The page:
Overview of the asylum process
Asylum seekers who reach U.S. shores are generally forced to flee and pushed out of their home countries because of dangers to themselves and their families due to political opinions, race, religion, nationality or social group. Those who flee because of civil war in their home countries, generalized violence, criminal prosecution, and environmental or economic reasons are generally not entitled to asylum. Asylum is protection that the US offers individuals who have fled their home countries and enter the US either legally or illegally. It is protection against deportation. Although asylum decisions are discretionary, meaning the decision maker can weigh all the evidence and make a decision purely on the basis of his or her judgment, the following legal requirements have to be established by the asylum seeker in order to prevail:
- Physical presence in the United States.
- Fear of persecution. Torture and imprisonment are persecution, while harassment or discrimination is not.
- Harm or fear of harm by the government or others that the government is “unable or unwilling to control.”
- Fear of persecution based on: political opinion, race, religion, nationality, and social group. The last category social group, usually refers to people with certain characteristics that they cannot change or should not have to change, and that a particular society might have generally unfavorable attitudes about, such as homosexuals.
- May not commit a serious crime, pose threats to national security, or commit war crimes or “crimes against humanity”.
There are two routes to gaining asylum, affirmatively through a US Citizenship and Immigration Services (USCIS) asylum officer or defensively with an immigration judge as part of a removal hearing. Applicants can file an affirmative application with the USCIS, as long as they not been arrested by DHS and put into removal proceedings before an immigration judge. There is a one-year filing deadline that must be met for an asylum case to be approved. However there are a few exceptions, including a change in the applicant’s country conditions or personal circumstances that would cause applicant to fear persecution upon return to their home country based on the enumerated factors. The interview before the asylum officer is supposed to be non-adversarial, unlike a court hearing. Nonetheless, a small percentage of cases are approved at the asylum office, other cases are generally referred to Immigration Court.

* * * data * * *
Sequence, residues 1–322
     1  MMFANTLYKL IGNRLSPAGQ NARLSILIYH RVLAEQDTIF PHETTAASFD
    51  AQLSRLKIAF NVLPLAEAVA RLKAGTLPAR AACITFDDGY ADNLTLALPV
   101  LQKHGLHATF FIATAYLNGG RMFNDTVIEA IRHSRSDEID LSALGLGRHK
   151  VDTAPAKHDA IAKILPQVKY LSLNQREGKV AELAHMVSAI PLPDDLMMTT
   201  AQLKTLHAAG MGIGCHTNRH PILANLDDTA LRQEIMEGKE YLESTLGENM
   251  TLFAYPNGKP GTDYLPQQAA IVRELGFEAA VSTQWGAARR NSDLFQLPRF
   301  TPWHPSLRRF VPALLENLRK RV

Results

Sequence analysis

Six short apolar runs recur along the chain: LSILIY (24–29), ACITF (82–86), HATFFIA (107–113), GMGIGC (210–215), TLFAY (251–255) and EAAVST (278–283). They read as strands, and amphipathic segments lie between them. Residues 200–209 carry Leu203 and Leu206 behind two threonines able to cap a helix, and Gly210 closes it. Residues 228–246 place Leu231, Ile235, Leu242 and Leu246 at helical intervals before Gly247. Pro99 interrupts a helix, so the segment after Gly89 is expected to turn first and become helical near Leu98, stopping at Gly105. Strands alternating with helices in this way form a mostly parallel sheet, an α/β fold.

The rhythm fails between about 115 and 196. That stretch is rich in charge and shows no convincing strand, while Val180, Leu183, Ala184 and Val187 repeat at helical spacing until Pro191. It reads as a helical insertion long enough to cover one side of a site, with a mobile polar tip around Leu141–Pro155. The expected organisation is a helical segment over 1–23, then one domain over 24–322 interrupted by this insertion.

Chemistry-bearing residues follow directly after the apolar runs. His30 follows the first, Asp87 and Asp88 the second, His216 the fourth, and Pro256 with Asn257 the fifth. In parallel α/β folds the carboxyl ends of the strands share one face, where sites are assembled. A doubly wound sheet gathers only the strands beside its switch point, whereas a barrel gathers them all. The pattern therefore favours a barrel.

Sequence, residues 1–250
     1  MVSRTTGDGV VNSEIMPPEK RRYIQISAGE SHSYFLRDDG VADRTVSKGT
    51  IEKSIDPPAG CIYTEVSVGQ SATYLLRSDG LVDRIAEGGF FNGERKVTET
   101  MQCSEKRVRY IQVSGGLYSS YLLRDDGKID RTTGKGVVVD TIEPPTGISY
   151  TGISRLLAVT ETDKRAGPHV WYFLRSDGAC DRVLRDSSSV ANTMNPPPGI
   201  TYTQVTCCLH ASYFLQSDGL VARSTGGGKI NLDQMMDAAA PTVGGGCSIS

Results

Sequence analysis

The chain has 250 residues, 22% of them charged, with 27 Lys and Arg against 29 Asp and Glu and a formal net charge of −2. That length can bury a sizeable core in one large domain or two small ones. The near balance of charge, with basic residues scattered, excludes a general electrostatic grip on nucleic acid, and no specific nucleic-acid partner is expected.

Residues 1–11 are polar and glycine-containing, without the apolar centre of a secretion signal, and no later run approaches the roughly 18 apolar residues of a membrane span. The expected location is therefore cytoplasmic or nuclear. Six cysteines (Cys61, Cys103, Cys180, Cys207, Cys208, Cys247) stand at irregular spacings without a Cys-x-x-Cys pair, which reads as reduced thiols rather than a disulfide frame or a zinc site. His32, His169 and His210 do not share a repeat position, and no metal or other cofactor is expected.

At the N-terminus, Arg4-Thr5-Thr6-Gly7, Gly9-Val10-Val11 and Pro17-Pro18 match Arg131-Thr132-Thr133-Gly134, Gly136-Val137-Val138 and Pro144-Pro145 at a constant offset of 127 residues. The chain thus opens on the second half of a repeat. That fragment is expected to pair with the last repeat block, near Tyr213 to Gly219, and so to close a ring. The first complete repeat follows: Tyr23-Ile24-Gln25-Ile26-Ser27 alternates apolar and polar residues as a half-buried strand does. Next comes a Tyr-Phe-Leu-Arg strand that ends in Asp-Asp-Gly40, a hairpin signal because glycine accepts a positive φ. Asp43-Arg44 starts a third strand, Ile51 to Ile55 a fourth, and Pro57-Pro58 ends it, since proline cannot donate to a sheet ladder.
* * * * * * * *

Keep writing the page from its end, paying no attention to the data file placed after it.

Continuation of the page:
The Immigration Judge will generally disregard the decision of the Immigration Officer and hear the asylum case anew. In immigration court about 60% to 63% of the applications are denied on the merits and about 80% are denied in total if all dispositions are considered, including applications that have been withdrawn or abandoned.
The asylum process is very complex and many asylum seekers face difficulty in meeting the requirements for asylum. Sometimes, asylum seekers cannot obtain documents and witnesses to prove their cases because of the circumstances under which they left their home country. In those instances, an asylum seeker has to prove his or her case by testimony alone. It is then up to the decision maker to make the determination about whether the asylum seekers’ testimony is sufficiently detailed and believable.
Even if the asylum seeker meets the requirements for asylum, in order to prevail in an asylum case, it is imperative that they obtain legal representation and prepare extensively for their asylum interviews and court hearings.